HC Deb 28 February 2001 vol 363 cc890-2
1. Mr. Steve McCabe (Birmingham, Hall Green)

If he will make a statement about Government programmes to support the victims of violence in Northern Ireland. [149948]

6. Mr. Martin Salter (Reading, West)

If he will make a statement about Government programmes to support the victims of violence in Northern Ireland. [149953]

The Minister of State, Northern Ireland Office (Mr. Adam Ingram)

A number of initiatives have been put in place which are in keeping with the recommendations of the Bloomfield report, "We Will Remember Them", including the establishment of the family trauma centre, funding for groups supporting victims and the establishment of the Northern Ireland memorial fund. Last Thursday, I announced another significant funding package of £12 million, including an additional £3 million to the Northern Ireland memorial fund over the next three years.

Mr. McCabe

As my right hon. Friend will be aware, the Northern Ireland Affairs Committee is currently conducting an inquiry into the practice whereby paramilitary organisations force people to relocate within Northern Ireland or, indeed, to leave the Province altogether. I do not wish to prejudge the findings of our inquiry, but will my right hon. Friend assure me that he will do all that he can to end such disgraceful behaviour and to ensure that the plight of the victims is properly recognised?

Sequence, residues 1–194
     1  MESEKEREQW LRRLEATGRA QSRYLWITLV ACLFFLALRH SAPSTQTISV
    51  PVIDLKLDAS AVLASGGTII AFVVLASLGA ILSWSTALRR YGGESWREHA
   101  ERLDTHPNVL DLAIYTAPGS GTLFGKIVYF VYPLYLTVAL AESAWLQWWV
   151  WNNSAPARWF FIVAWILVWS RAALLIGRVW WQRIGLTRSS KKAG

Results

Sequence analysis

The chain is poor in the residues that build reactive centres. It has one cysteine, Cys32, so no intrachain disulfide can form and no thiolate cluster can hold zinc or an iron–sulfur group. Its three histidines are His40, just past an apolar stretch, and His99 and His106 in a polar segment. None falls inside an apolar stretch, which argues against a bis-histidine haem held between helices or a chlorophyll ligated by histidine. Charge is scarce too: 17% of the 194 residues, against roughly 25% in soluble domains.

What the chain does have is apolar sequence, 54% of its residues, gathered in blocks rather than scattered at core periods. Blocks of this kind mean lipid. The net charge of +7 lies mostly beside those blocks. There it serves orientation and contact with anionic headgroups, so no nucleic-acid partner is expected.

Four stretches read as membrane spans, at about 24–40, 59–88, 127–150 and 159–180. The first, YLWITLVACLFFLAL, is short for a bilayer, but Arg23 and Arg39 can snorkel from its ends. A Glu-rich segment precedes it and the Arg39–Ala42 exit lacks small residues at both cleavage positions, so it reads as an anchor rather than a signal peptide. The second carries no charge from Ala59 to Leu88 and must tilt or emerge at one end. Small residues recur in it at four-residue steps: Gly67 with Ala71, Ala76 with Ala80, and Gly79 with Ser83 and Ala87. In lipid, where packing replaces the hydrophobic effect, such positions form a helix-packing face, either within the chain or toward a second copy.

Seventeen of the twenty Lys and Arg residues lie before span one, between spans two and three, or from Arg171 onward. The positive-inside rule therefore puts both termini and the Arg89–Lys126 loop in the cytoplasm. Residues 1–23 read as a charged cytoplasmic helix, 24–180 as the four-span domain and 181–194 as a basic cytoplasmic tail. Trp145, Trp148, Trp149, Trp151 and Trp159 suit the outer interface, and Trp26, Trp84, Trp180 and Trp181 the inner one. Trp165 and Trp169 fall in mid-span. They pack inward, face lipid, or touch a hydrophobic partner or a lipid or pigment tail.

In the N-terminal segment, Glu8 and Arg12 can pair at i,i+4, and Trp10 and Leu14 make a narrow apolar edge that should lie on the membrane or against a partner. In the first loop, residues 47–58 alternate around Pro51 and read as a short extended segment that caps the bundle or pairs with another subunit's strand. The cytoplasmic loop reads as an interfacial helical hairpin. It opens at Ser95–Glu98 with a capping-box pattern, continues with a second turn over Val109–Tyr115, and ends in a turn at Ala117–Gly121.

Mr. Ingram

I thank my hon. Friend for that question, because I welcome the Select Committee's investigation of the issue. The practice is one of the blights on the face of Northern Ireland. It represents a denial of the human rights and the civic dignity of every individual who is subject to such practices by paramilitary groups. The practice should stop immediately. Clearly, it is more easily stopped when all members of the community stand against it, and the report of the Northen Ireland Affairs Committee will help in understanding the issue. I am sure that report will point helpfully to a solution of the problem.

Mr. Salter

Will my right hon. Friend join me in congratulating the excellent work done by Victim Support (Northern Ireland) in providing help and support to nearly 40,000 victims of crime each and every year?

Mr. Ingram

I unreservedly support that work. I recently announced an extra £1.1 million over the next three years for Victim Support (Not thern Ireland). Those who carry out the work on behalf of Victim Support (Northern Ireland) do a very difficult and often thankless job. The additional money will hellp to provide an even better and more professional service for the victims of crime. I ask all hon. Members from Northern Ireland to encourage any of their constituents who are the victims of crime to avail themselves of the services provided by this worthwhile organisation.

Mr. Ken Maginnis (Fermanagh and South Tyrone)

I thank the Minister and welcome the £12 million grant that he has announced. Does he agree chat, for far too long, no proper assessment has been made of the rights and needs of the victims of terrorist violence? No amount of money can compensate the innocent for the suffering that they have endured. Will he assure me that, as the facts emerge, the Government will be prepared to reconsider the adequacy of the amount that he has announced?